All of the benefits associated with implementing bots can make bot technology sound magical, almost surreal: an unlimited number of 24/7 support agents that work alongside human agents to reduce work time and increase customer satisfaction. Sounds almost too good to be true, if it weren’t for the fact that so many successful companies are already employing bots.
Retail giants like Pier 1 are incorporating bots into human-led conversations to collect repetitive information. But bot usage is not just limited to large corporations. Companies like lifestyle clothing brand Stio spoke about the company’s bot journey, citing that the implementation of messaging alone reduced the number of phone calls by 9% within the first month and the introduction of bots saving 83 priceless agent hours within 2 weeks.
With so many businesses rapidly adopting bots and quickly realizing benefits to their bottom line, the question isn’t if you should implement bots, but how and when. Here are three things to consider that may help you demystify those questions.
Why Do Bots Work
Bots are a programmable interface used to complete tasks once done by humans but work best when they work alongside human agents. The difference between a bot doing a simple task and a human agent doing the same task is that bots do it faster, and usually error-free. For example, bots can fill out a form, send an email to customers based on a predetermined trigger, or respond to a simple customer request, leaving human agents to the work that only humans can do.
Most bots are simply a set of rules that determine how a question should be handled. Bots work because those sets of rules are programmed by the humans who understand what requests typically require a simple, contained response, which ones need to be escalated, and which ones need to be routed to specialists.
Bots and what they can do should not be oversimplified, however. Bots are capable of handling more complex tasks such as identifying keywords that prioritize conversations over others. For example, bots can be told to prioritize conversations that contain the words “buy” or “purchase” over conversations that contain words such as “return” to enable human agents to convert more sales.
Where to Implement Bots
Bots are making such a substantial impact because they can be implemented across a broad spectrum of industries in a multitude of departments to address a myriad of situations. Credit Unions are using bots to open accounts and process loans faster. Retailers are using bots for pre-sales service and post-sales support. Travel and hospitality are utilizing bots to book rooms and amenities and even enhance the guest’s stay by providing outbound notifications. You name it, bots are likely already doing it.
Quiq believes that bots work for and with everyone in the organization, even other bots. With Quiq’s messaging software, bots can transfer conversations to human agents, queues, or even to other bots – at any point in the conversation: beginning, middle, or end. Managers are able to view the productivity of bot-owned conversations, just like they can monitor human agents. In fact, agents and managers can observe bot conversations and take over the conversation from the bot if needed.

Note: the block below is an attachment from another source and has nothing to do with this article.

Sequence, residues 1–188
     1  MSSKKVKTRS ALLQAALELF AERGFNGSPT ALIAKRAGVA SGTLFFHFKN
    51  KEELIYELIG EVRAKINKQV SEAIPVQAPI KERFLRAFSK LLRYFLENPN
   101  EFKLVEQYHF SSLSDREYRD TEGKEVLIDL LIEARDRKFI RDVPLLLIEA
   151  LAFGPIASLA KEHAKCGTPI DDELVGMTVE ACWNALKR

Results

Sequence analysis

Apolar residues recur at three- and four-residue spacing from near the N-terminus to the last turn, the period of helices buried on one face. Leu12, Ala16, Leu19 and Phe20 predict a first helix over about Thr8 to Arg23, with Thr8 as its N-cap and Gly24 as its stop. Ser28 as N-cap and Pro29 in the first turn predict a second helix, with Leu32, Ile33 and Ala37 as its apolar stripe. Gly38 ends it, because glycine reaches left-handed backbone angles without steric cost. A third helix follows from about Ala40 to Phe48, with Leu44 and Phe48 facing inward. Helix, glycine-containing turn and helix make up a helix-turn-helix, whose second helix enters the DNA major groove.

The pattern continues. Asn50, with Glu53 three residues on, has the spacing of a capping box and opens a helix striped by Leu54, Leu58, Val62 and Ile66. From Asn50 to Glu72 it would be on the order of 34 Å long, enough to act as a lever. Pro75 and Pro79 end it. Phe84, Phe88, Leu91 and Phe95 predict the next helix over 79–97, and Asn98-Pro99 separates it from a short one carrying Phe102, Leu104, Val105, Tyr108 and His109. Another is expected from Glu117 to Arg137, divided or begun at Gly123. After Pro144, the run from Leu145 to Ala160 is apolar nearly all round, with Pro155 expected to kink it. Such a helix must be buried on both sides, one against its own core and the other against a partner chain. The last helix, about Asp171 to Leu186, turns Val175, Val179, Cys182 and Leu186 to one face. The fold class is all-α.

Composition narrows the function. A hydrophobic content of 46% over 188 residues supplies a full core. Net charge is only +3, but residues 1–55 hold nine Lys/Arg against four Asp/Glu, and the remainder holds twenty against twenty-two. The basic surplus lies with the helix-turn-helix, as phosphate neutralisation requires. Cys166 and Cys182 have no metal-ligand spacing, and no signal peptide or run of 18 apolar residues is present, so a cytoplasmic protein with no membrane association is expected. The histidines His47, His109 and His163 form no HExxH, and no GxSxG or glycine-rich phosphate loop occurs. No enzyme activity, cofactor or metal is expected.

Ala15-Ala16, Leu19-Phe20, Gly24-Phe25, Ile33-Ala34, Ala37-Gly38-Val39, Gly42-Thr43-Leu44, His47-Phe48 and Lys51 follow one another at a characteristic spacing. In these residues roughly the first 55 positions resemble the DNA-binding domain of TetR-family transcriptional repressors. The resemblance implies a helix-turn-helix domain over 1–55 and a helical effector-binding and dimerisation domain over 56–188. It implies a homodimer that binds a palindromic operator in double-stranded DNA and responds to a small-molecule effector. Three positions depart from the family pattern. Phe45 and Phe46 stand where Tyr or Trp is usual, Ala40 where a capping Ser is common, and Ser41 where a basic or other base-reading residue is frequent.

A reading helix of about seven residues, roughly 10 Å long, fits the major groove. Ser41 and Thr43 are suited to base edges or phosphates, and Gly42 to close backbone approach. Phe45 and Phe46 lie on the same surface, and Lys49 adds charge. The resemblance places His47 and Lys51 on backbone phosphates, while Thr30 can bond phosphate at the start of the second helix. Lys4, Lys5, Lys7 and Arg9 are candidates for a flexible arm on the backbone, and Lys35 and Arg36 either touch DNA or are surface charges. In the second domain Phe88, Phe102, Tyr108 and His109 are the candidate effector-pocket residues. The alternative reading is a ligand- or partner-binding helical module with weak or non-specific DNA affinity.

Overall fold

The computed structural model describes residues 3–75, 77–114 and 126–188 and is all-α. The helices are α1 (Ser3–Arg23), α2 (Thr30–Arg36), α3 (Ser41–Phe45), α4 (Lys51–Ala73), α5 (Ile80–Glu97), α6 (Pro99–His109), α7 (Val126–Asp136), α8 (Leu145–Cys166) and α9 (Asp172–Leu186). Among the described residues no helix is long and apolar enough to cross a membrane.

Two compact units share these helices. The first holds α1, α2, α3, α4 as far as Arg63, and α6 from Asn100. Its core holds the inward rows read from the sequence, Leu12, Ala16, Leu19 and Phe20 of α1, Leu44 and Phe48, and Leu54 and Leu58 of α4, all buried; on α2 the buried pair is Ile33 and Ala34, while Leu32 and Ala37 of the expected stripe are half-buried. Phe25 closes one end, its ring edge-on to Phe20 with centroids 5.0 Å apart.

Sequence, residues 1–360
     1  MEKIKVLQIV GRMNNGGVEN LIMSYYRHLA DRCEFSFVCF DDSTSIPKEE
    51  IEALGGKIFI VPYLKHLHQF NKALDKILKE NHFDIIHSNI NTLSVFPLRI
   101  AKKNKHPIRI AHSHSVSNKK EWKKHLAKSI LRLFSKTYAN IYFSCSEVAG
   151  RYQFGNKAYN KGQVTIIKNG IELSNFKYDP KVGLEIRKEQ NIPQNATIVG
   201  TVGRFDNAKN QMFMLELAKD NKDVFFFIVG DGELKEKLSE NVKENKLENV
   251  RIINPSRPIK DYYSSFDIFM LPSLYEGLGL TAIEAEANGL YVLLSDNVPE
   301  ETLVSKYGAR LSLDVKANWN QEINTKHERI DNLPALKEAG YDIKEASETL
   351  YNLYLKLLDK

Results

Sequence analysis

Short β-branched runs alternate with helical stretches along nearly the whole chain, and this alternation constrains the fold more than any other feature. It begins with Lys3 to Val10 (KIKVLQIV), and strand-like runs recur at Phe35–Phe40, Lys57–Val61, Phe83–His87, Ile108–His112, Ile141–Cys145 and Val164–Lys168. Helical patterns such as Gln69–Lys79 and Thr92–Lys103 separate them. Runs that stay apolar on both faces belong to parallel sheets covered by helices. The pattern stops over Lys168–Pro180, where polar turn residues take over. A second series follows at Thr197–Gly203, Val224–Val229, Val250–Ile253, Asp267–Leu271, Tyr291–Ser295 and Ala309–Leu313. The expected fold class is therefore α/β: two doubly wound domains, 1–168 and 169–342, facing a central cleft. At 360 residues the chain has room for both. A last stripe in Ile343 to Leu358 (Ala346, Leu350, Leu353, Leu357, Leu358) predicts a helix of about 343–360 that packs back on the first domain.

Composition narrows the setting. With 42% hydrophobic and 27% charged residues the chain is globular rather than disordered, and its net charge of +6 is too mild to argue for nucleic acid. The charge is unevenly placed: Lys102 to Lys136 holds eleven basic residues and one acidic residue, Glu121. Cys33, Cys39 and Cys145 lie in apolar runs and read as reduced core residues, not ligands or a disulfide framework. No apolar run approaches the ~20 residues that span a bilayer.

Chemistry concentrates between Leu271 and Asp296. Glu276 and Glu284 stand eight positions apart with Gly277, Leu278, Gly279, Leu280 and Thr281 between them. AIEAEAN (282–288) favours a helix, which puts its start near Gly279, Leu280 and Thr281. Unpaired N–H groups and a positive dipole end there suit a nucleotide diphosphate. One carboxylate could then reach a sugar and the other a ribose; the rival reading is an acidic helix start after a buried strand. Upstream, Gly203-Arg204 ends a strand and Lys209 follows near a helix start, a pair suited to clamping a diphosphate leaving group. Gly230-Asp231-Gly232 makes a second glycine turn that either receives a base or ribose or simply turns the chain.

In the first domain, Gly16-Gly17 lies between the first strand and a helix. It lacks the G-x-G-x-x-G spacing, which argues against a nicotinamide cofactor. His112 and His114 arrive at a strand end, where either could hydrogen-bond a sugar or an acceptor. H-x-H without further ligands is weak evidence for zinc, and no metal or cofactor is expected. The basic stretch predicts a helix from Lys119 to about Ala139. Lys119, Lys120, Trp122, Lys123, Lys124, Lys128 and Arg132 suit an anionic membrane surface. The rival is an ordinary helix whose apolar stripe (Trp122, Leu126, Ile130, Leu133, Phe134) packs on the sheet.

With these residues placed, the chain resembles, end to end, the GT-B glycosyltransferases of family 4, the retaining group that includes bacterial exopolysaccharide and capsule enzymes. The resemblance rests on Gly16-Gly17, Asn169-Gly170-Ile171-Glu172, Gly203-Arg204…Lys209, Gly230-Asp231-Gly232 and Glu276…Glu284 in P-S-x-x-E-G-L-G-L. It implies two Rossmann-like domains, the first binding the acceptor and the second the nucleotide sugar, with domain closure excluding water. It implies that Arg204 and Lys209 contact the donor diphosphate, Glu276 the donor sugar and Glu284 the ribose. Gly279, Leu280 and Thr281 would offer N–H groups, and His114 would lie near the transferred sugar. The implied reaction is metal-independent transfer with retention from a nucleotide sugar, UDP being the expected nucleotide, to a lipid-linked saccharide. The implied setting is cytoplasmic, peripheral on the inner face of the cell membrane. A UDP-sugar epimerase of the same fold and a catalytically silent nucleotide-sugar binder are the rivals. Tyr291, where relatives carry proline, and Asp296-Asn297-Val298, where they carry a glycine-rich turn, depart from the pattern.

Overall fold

Don’t pigeon-hole your bots into just one task or department. Don’t even constrain your bot(s) to one part of the customer conversation. Bots can and should seamlessly work throughout the entire customer experience in every department. You can orchestrate a bot strategy to work seamlessly across your organization.
When to Implement a Bot
For many Quiq clients, implementing web chat and/or messaging has been the impetus to launch bots. With so many customers eager to engage with a company through digital channels like SMS/text messaging, web chat, Apple Business Chat, and social channels like Facebook and Twitter, incorporating bots into the conversation is a natural next step.
While some things, like trying snowshoeing for the first time, could be approached with a “Let’s see where this goes” attitude, bot building is not one of those things. We recommend you plan the experience you’d like to deliver before sitting down to configure your bot.
Examine the moments in customer conversations where additional resources could be most useful to a human agent. A bot could start a conversation by gathering customer information or inquiry type so that the conversation can be properly routed. A bot could be introduced in the middle of a conversation to ask diagnostic questions or even end the conversation to gauge satisfaction.
At Quiq, we suggest you take a look at all of your digital channels and understand the traffic from each. Understand which channels will have to carry the biggest load for conversations and consider if each channel will need a different bot experience. Once you’ve thoughtfully planned out the experience you’d like your bot to deliver you’re ready to launch.
Bring Bots to Life
Actually launching a bot doesn’t necessarily take any coding skills. Bringing bots to life within your organization can be as easy as clicking and dragging if-then statements, which is essentially how Quiq’s bots are designed.
At Quiq, we’ve worked with enough clients, big and small, to provide the guidance necessary to implement bots across an organization. If bots still seem a bit bewildering, we’d be happy to walk you through our bot strategy and Quiq’s Messaging software so you can get started on your bot journey.
Guest post, written by: Marciela Ross, Sr. Manager, Content Marketing at Quiq
To learn more about this topic, register to listen to the replay of the Execs In The Know and Quiq webinar, Cut Through The Noise: How To Bring Bots to Life, featuring corporate brands – Nintendo and Stio. This webinar was originally hosted on November 19, 2019.